The Japanese Bag That Will Save Us All


Again, both Ping Magazine and the Japanese design community in general, have impressed the heck out of us. This recent feature is about the “Furoshiki,” which is essentially a large, square cloth that’s folded and arranged into a sack, and is used to carry groceries. Sort of like those cloth ones they sell at Whole Foods or Wild Oats, except they look much bigger and you won’t suffer the polarizing stigma of carrying one down the center isle of the House of Representatives. Well, plastic bag waste is such a problem in Japan, as it is everywhere else, so the Creation Gallery G8 in Ginza, Tokyo, decided to have an exhibit showing off swanky Furoshikis by terrific designers, in hopes of creating some movement away from the awful plastic and into these fantastic, reusable pieces of art. And Ping was there to cover it. Here’s a little:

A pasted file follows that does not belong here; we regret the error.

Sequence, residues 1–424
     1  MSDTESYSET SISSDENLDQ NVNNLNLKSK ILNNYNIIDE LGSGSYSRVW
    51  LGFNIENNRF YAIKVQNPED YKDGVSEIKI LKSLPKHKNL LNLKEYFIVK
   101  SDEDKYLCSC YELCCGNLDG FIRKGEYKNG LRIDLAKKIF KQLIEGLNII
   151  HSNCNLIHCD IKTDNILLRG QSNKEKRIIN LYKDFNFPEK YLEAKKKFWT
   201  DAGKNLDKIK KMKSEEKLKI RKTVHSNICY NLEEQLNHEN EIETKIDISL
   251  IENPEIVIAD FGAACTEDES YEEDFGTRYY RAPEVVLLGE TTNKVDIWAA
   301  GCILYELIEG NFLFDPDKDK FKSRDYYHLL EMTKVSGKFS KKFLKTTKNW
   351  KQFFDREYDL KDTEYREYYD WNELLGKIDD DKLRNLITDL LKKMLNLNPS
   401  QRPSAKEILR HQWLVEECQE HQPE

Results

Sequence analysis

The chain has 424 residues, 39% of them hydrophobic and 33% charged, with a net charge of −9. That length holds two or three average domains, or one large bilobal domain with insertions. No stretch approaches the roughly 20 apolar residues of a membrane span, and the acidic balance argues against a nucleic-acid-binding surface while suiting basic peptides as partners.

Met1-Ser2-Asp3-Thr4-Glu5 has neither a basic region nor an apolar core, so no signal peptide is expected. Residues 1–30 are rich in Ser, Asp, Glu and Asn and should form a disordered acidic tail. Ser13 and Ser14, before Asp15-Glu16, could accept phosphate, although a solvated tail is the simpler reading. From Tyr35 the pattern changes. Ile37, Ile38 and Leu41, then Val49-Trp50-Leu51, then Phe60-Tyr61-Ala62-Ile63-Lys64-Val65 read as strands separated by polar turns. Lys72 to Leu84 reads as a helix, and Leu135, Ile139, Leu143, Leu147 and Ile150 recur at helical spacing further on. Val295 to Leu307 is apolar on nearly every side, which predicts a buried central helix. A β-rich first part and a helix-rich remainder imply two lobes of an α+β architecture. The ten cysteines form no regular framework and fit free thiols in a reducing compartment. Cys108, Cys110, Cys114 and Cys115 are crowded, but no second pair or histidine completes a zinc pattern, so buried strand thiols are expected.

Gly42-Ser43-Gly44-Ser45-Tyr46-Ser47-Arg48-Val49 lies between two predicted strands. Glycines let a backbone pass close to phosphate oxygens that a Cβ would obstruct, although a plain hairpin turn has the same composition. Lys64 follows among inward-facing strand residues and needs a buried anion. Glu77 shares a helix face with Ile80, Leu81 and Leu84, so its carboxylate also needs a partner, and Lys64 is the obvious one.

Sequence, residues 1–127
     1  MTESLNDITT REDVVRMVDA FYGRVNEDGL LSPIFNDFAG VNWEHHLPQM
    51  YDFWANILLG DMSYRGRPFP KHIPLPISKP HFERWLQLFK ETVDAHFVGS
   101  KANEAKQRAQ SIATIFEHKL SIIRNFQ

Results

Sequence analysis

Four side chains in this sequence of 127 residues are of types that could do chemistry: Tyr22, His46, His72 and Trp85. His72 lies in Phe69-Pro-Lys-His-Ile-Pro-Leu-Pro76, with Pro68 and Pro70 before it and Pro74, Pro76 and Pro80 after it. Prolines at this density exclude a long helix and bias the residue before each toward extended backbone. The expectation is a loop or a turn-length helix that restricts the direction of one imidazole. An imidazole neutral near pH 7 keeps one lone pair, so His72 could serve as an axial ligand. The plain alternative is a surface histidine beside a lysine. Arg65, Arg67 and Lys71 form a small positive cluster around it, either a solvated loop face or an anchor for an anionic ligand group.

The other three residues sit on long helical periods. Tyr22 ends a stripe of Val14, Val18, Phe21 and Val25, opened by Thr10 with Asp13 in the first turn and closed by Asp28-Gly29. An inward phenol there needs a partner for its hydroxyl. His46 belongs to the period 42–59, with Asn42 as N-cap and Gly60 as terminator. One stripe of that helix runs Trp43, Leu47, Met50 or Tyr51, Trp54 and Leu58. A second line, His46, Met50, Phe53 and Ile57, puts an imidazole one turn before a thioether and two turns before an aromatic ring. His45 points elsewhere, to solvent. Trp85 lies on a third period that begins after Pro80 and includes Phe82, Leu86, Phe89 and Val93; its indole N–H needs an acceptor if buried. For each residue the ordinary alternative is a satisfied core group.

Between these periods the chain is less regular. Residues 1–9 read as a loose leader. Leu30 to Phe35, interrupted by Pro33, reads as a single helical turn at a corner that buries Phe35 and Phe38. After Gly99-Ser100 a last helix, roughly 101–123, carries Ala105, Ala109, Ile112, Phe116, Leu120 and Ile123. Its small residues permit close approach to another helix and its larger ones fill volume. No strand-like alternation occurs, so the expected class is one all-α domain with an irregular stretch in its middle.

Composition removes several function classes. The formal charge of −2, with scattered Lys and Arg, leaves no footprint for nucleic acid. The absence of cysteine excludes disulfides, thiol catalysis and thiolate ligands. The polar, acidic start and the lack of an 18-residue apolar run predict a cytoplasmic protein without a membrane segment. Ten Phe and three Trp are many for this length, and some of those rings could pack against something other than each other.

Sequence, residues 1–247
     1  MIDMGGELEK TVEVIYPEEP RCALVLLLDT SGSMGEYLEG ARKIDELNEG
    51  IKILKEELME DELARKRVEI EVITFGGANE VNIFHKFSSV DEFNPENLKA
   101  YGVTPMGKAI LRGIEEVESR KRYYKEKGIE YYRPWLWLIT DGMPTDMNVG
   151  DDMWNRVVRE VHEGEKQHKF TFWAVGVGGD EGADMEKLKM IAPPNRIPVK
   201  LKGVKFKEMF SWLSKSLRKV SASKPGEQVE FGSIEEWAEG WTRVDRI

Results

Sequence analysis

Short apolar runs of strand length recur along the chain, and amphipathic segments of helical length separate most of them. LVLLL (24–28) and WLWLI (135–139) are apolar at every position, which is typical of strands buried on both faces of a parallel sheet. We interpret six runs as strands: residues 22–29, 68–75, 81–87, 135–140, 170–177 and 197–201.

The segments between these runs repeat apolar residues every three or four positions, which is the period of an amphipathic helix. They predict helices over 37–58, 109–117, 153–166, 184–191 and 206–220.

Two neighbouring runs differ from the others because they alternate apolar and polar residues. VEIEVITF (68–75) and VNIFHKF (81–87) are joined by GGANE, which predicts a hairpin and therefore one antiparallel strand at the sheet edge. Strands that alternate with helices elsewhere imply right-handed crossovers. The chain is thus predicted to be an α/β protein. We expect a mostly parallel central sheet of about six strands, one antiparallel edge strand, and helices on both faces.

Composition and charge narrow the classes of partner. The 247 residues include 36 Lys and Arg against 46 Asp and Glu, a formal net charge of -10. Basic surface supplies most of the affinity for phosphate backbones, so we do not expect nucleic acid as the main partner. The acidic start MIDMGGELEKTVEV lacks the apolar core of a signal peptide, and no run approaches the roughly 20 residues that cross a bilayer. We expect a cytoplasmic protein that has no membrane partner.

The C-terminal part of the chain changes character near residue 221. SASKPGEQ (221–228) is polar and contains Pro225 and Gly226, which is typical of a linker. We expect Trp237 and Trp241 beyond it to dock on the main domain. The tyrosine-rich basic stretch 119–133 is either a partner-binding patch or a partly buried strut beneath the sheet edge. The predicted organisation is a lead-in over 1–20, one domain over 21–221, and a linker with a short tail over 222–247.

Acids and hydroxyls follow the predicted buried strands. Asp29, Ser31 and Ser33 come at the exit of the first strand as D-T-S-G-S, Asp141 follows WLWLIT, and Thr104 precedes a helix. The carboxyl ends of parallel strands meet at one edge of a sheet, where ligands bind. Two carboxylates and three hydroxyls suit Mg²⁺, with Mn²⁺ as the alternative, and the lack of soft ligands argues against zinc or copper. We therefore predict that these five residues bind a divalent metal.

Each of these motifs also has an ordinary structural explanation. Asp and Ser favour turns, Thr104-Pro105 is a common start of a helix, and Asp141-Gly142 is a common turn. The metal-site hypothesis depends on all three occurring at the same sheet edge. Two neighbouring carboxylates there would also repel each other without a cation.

Furoshiki have been a part of the Japanese lifestyle for a long time, but – except for a few exeptions – got neglected in the past decades. I remember grannies well, who would bring presents wrapped in crane or cherry blossom patterned Furoshiki! And the excitement of the furoshiki bundle slowly being unwrapped! Excellent!

I never realized the universal use of this cloth before, but this exhibition has become a wonderful opportunity to make me aware of its greatness.